The Lord's Supper

The night before Jesus died, He ate the Passover with His apostles. (Passover was a memorial of God’s deliverance of the Israelites from death through the blood of a lamb.) When that meal was finished, Jesus gave another meal to remind us of His death.

The new meal Jesus gave is called several things in the Bible: breaking bread (Acts 2:42; 20:7), the Lord’s Supper (1 Corinthians 11:20), the table of the Lord (1 Corinthians 10:21), and communion (1 Corinthians 10:16, KJV). In our day people at times refer to it as the Eucharist or sacraments. These two terms, however, may introduce concepts about the meal that are not Biblical. It is always best to simply call Bible things by Bible names.

We have already noted the circumstances in which the Supper originated. There are four accounts of it: Matthew 26:26-29; Mark 14:22-25; Luke 22:14-20; 1 Corinthians 11:23-25.

The Lord’s Supper has two components: bread and fruit of the vine. Since the Passover required unleavened bread (Exodus 12:18-20), we may be sure that is what Jesus used. The Bible knows nothing of “communion in one kind” (taking only the bread).

Jesus said of the bread, “This is My body, which is for you; do this in remembrance of Me.” Of the fruit of the vine He said, “This is My blood of the covenant, which is poured out for many for forgiveness of sins; do this, as often as you drink it, in remembrance of me.” Clearly, the purpose in eating is to remember Jesus’ death for us.

Jesus’ use of the expression this is has led some to conclude that the bread and fruit of the vine physically change into the literal body and blood of the Lord. No, Jesus was simply using a figure of speech. In the 1 Corinthians account Jesus says, “This cup is the new covenant in my blood.” No one thinks that the fruit of the vine is literally turned into a covenant; it simply represents one. (Note also that cup stands for its contents.) Besides, drinking blood has always been forbidden (Genesis 9:4; Leviticus 17:10-14; Acts 15:29).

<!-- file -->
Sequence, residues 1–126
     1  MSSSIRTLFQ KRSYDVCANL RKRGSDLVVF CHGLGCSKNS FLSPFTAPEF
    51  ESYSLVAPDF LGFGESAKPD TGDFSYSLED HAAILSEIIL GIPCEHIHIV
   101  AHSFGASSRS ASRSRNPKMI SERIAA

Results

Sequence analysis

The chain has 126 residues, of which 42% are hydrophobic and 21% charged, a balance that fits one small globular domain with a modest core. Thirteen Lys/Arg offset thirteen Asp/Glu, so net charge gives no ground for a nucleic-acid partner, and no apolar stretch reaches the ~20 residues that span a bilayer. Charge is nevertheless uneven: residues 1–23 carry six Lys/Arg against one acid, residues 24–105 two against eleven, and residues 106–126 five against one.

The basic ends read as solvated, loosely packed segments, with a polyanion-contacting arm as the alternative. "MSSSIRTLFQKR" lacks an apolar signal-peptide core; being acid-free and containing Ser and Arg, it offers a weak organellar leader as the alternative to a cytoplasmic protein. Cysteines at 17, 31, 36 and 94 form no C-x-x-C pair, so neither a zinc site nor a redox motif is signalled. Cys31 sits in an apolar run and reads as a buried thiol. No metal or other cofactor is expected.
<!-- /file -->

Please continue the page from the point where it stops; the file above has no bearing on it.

1 Corinthians indicates several other things accomplished in eating the Lord’s Supper. In it we proclaim Jesus’ death, anticipating His return (11:26). It is a sharing or fellowship in Jesus’ death, a sharing with other partakers (10:16-17).

The first Christians “continued steadfastly” in the breaking of bread (Acts 2:42). That indicates regularity. Acts 20:7 reveals that they met on the first day of the week to break bread. That specifies the time. 1 Corinthians 11:17-34 confirms that the Supper is to be eaten in assemblies of Christians. History concurs that the early church met every Sunday to eat the Lord’s Supper. Monthly, quarterly, or less frequent observance was unknown in New Testament times.

Paul warned that we must eat the Supper in a worthy manner. He did not say we must be worthy of it; no one is worthy of Jesus’ death for him. But all can partake in a worthy manner by distinguishing this from ordinary eating (Paul insisted that the two be kept separate) and by remembering Jesus’ death as we eat. Toward that end we must examine ourselves as we eat (1 Corinthians 11:27-29).

The Bible places no importance on the one(s) serving the Supper, nor does it prescribe some ceremony in preparation for our eating. Remarks to help us focus our attention on Jesus’ death are certainly in order. As is true in all avenues of worship, however, proper eating of the Lord’s Supper depends on each individual doing what God said, how God said to do it, from the heart.

“God is spirit, and those who worship Him must worship in spirit and truth" (John 4:24).

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